The 60s were a time for TV spies, most famously Maxwell Smart from Get Smart and Simon Templar from The Saint.


Smart’s car was a Sunbeam Alpine badged up to a Tiger, while Templar drove an ultra-cool Volvo P-1800.


The low-slung Swedish sports car had a balance of style and performance that was not typically associated with Volvo’s usual approach that married practicality with refrigerator looks.




The P-1800 was the flashy supermodel in a Volvo family of wallflowers and it was fit for a Saint. Volvo decided to go in a radical new direction with its 1972 P-1800 when it offered a station wagon version of the car. There are few wagons that could be considered to be truly classic sports cars, but the P-1800 ES would be at the front of a short line. The “ES” designation meant two things: it was fuel-injected (E) and a station wagon (S). The Volvo P-1800 ES was cool enough to drive even if you did not have kids during its short two year production run from 1972-73. Steve Ravnest was always a big fan of Volvos and owes some of his allegiances to his father who owned a Volvo 144 station wagon. Steve’s search for a Volvo started at 16 until he found his sporty wagon in 1986 and became its third owner. Steve drove his ES “a lot” in his words before he realized that a Volvo station wagon/sports car with a very limited production run deserved a total restoration and he decided to sink some cash into his car. $20,000 and many years later, Steve accomplished his goal.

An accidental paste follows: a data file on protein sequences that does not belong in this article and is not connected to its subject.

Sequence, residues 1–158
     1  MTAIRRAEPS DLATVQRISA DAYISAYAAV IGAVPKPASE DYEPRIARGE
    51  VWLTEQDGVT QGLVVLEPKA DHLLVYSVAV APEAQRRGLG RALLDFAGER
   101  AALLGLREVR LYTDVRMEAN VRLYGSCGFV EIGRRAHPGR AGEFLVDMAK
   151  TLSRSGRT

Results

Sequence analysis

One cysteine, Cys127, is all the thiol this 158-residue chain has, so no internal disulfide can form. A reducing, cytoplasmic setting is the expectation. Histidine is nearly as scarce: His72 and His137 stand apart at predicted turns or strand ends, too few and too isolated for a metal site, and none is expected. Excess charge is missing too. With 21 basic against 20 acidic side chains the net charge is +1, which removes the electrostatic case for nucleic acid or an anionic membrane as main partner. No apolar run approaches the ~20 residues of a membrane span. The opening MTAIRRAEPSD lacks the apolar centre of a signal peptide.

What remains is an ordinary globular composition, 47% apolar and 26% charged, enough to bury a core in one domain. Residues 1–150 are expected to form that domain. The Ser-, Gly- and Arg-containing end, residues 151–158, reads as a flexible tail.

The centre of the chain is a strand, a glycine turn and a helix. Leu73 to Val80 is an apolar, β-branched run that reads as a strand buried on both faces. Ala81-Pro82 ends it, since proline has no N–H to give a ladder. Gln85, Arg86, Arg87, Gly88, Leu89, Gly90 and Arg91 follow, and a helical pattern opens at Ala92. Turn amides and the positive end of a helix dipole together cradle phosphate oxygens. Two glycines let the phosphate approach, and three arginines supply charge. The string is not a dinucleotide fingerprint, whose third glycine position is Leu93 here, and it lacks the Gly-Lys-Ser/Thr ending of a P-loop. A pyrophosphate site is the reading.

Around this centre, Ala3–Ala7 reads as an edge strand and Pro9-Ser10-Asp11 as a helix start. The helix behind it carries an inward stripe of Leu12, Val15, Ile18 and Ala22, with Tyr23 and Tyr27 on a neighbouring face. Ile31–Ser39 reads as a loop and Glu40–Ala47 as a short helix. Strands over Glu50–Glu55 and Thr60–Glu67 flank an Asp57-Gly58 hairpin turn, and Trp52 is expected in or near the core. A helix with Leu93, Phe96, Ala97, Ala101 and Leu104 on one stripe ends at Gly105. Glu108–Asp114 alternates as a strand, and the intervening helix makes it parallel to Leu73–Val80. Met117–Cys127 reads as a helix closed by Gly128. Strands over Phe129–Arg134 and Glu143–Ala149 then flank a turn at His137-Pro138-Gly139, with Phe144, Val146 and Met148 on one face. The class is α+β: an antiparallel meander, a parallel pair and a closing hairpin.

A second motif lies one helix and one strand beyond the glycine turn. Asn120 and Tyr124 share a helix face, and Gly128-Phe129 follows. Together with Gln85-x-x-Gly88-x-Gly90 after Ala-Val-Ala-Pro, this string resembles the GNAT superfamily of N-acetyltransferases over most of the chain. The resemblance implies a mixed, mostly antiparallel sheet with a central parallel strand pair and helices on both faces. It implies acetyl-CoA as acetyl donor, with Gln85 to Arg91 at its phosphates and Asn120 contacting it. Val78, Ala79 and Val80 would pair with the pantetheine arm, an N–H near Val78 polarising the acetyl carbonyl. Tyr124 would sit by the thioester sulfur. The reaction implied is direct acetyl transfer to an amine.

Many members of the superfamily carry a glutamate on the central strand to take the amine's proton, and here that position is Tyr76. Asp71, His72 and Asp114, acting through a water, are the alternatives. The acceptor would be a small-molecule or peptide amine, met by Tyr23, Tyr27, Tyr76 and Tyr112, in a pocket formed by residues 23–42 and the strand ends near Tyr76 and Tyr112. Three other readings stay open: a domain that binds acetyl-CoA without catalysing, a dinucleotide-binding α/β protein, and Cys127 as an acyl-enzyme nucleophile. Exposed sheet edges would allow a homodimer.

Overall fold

He was fortunate enough to get the last two NOS rear quarters available for the P-1800 ES. “NOS” means a “new old stock” automotive part from the factory and is a highly desirable replacement part when it comes to vintage vehicles.  The restoration took place over a 10-year period dictated by time and money in Steve’s life. Much of the work was done on weekends and Steve gives full credit to a buddy who helped him throughout the restoration process. The car has been the one constant in Steve’s life and has been with him through two divorces, among other life events. He intends to make the car his legacy to his son who will become the future owner of the classic Swedish wagon. We asked Steve about the car’s name (Crystal) and got an unusual answer from him; “When I first got the car I saw lots of orbs (spirits) around the car. Then I painted the car and no more spirits.”


However, the car still had all of its original style and performance after the restoration. The heart of the car is its original 1800 cc engine in Steve’s opinion.




The reliable Volvo power train has never given him any trouble over the years and he can hold his own in modern traffic. This Volvo has electric overdrive so Steve can balance performance with amazing gas mileage on the road. The car also has factory discs on all four wheels to slow it down in a hurry.




Perhaps that is this Volvo’s greatest legacy: the Volvo P-1800 ES is 42 years old and has many engineering features that were not found on most cars until the 21st century. Either that or because its huge cool factor is still alive and well after 42 years.


Steve would agree with both assessments.


Jim Sutherland


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